With these additional responsibilities falling on the Queensland Police Service for the safe conduct of the G20 meetings, the Queensland Newman LNP government determined it would be appropriate for an additional stand-alone act to be passed by the Queensland parliament granting specific powers to the Queensland Police Service for the G20 event. The powers are broadly similar to those provided for under the New South Wales APEC Meeting (Police Powers) Act 2007 and the Western Australian Commonwealth Heads of Government Meeting (Special Powers) Act 2011. I think it is worthy for this House to note that that legislation passed the Queensland parliament with the support of both the government and the opposition.

This bill we are considering will create a new stand-alone Commonwealth act clarifying the interaction between provisions found in the Queensland G20 (Safety and Security) Act 2013 and existing Commonwealth legislation at Brisbane Airport during the G20 summit in 2014 in Queensland. The Queensland act provides police officers and appointed persons with special powers for the purposes of the summit. Those powers supplement the powers available under the Queensland Police Powers and Responsibilities Act 2000 and are designed to ensure the security and safety of the G20 summit, events, delegates, members of the public, and public and private property. The powers are exercisable for a limited period and apply only with respect to certain specified locations, including Brisbane Airport, which is the important part for our purposes, because that is a Commonwealth place.

The G20 (Safety and Security) Complementary Bill 2014 provides mechanisms for dealing with any overlap between the provisions and the G20 (Safety and Security) Act 2013 and existing Commonwealth legislation in their application to the relevant parts, or part, of Brisbane Airport. This will ensure police officers and other authorised persons have a very clear understanding of the powers available to them at Brisbane Airport during the summit. The powers will be exercisable for a limited period and apply only with respect to those limited locations.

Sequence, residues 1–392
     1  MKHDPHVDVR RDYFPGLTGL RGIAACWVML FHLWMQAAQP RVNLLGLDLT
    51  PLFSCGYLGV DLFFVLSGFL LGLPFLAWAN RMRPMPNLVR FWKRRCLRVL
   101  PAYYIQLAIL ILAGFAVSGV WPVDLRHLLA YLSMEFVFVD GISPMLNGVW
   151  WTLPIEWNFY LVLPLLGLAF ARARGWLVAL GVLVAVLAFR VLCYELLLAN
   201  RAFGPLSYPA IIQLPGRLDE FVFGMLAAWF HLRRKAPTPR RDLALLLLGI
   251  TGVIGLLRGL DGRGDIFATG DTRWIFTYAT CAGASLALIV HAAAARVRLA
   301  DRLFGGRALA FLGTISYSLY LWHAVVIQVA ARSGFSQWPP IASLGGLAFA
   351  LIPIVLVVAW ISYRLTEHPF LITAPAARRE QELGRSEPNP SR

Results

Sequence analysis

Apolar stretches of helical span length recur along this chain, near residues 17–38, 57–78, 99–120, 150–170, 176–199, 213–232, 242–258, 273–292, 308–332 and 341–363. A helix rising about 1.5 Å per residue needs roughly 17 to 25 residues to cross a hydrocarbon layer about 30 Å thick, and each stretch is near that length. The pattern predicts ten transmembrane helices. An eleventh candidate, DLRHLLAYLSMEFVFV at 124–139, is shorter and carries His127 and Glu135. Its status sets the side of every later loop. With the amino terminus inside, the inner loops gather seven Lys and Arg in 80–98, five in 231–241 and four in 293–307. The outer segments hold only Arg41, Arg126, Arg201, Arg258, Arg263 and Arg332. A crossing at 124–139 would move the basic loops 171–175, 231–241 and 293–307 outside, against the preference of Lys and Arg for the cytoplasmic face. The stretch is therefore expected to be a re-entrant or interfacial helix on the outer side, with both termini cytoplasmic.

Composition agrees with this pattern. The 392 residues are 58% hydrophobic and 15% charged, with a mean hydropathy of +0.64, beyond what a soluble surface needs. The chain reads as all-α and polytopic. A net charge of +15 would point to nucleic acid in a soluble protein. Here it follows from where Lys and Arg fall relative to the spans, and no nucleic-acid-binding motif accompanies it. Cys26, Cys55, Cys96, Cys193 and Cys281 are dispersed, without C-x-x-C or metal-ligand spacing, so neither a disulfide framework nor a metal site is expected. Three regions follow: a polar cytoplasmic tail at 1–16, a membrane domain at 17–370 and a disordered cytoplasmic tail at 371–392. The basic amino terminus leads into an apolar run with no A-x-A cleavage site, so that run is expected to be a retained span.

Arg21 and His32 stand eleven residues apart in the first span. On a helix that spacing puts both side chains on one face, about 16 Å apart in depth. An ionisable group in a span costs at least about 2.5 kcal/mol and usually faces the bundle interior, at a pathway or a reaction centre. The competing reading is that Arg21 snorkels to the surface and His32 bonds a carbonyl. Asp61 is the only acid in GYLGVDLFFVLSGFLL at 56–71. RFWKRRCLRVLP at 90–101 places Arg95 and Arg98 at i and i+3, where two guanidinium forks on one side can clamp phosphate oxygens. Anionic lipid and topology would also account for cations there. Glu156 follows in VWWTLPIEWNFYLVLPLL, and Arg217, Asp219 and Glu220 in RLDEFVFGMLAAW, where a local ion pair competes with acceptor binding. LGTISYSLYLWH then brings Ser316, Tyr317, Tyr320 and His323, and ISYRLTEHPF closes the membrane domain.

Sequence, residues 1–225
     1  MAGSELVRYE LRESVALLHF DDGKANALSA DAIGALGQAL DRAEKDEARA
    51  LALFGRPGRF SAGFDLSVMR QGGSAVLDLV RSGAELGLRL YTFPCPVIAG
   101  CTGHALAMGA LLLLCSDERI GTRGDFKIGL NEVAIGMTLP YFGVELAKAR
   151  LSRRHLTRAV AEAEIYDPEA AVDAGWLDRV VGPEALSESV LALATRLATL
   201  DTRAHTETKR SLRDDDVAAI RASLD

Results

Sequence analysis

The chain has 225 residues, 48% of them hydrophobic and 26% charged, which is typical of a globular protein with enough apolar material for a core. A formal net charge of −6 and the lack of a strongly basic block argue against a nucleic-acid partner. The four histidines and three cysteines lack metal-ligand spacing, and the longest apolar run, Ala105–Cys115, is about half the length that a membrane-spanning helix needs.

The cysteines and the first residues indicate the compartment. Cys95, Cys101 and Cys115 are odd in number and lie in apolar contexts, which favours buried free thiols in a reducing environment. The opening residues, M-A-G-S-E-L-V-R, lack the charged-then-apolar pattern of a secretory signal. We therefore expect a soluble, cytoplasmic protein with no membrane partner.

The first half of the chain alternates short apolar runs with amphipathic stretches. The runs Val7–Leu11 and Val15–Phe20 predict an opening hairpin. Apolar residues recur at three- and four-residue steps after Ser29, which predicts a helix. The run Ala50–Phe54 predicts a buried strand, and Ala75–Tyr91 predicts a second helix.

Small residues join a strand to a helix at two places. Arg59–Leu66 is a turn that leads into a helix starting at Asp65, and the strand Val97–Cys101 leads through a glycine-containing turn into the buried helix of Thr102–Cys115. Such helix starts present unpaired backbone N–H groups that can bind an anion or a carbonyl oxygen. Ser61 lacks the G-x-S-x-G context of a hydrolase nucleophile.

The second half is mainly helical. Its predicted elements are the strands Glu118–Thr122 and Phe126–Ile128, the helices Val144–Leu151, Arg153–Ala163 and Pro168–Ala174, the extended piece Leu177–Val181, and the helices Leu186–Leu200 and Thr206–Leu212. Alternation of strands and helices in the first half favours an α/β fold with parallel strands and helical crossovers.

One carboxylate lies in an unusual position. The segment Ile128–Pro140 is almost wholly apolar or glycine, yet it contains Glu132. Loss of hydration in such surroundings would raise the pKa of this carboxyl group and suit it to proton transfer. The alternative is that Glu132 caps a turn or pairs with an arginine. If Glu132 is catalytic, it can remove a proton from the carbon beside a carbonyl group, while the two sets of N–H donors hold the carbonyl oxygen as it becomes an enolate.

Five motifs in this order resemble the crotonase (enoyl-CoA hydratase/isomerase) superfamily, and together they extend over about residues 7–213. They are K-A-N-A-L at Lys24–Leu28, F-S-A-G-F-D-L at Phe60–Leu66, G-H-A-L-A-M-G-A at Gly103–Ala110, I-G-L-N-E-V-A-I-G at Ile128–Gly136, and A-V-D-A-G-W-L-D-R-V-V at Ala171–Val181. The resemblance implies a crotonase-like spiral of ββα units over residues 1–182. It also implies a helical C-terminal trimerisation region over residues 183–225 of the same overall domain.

The bill would not directly provide for any additional powers; however, to avoid any inconsistency between Commonwealth aviation legislation and the Queensland legislation, the proposed section 8 provides certain provisions which ensure that those functions are able to be exercised with absolute clarity by the responsible authorities. This will prevent there being any concerns about powers being available under the Queensland act not being able to be exercised in Commonwealth places. One can readily appreciate what a nonsense it would be if a regime applying more generally in Brisbane was not able to be exercised in certain particular Commonwealth places.

Members of the AFP will have access to powers found in the Queensland legislation, as that act confers powers on 'non-State police officers', which includes members of the AFP and the police force of another state or New Zealand. This is legislation which is utterly practicable and which ensures that the Commonwealth and the powers and authorities of the Commonwealth are able to work effectively and with jurisdictional clarity with Queensland and the Queensland Police Service.

This is a piece of housekeeping legislation, but, again, let me make very plain the fact that this G20 event is something of enormous significance for this country. It is an opportunity, again, to congratulate former Prime Minister Julia Gillard for securing Australia as the host nation for this very significant event. This is an event that both government and opposition support and demonstrate great support and pride in Australia's hosting. On those bases, I commend the bill to the House.

Debate adjourned.